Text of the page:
Texas A&M researcher breeding pearl millet with Napier grass for sterile biomass hybrid

November 4, 2015 |

In Texas, the downturn in the bioenergy industry has led one Texas A&M AgriLife Researcher to reach to new heights in the forage biomass arena. Dr. Russ Jessup, an AgriLife Research perennial grass breeder in College Station, said he is introducing a new biofuel-biomass feedstock that is a hybrid “similar to seedless watermelons, seedless grapes and other sterile triploid crops.”

Jessup is utilizing two grass species: pearl millet, a grain crop, and Napier grass, which is a very high-biomass crop that can be crossed to make progeny that are sterile triploids in the field.

“This is a dual-use crop with a low seed cost, high yield potential and quality perennial biomass suitable for both forage and dedicated biofuels,” he said. “So in light of current downtrends in oil prices, this crop can stand on its own as a forage crop in the interim, until that reverses.”

As a high-quality forage crop, Jessup said, it is sterile in the field but has seeded parents, unlike sugarcane that has to be planted from stocks.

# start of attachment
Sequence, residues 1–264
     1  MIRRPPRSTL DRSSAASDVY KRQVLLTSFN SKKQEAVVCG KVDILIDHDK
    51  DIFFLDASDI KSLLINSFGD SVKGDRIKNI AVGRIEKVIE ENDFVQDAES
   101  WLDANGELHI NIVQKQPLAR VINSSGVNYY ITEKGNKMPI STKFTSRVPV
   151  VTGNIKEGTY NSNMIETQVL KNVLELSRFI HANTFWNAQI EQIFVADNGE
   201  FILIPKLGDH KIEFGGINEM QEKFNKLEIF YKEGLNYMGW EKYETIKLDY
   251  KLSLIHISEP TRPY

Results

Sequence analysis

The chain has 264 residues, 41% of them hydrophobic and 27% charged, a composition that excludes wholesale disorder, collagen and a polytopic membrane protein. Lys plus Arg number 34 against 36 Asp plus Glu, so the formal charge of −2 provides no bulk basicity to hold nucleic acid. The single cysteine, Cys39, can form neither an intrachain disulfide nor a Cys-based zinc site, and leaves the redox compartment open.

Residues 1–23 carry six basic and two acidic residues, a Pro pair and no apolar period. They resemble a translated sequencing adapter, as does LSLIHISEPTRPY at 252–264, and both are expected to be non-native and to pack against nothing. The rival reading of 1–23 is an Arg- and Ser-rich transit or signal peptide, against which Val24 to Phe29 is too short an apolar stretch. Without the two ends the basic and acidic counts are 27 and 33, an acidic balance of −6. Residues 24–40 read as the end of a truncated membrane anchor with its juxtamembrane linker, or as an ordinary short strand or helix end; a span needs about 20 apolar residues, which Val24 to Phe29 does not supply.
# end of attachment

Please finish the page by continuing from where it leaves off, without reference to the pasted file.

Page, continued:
To produce this hybrid he started with the larger seeded but shorter pearl millet to give it quality, large seeds and drought tolerance. Pearl millet is native to Africa and can be more drought tolerant than even sorghum, he said.

Then he crossed it with Napier grass, a closely related cousin of pearl millet that is grown in Africa for cut-and-carry silage and high biomass fodder.

“You can cross these two species and get ample seed off of the pearl millet parent,” Jessup said.

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Category: Research

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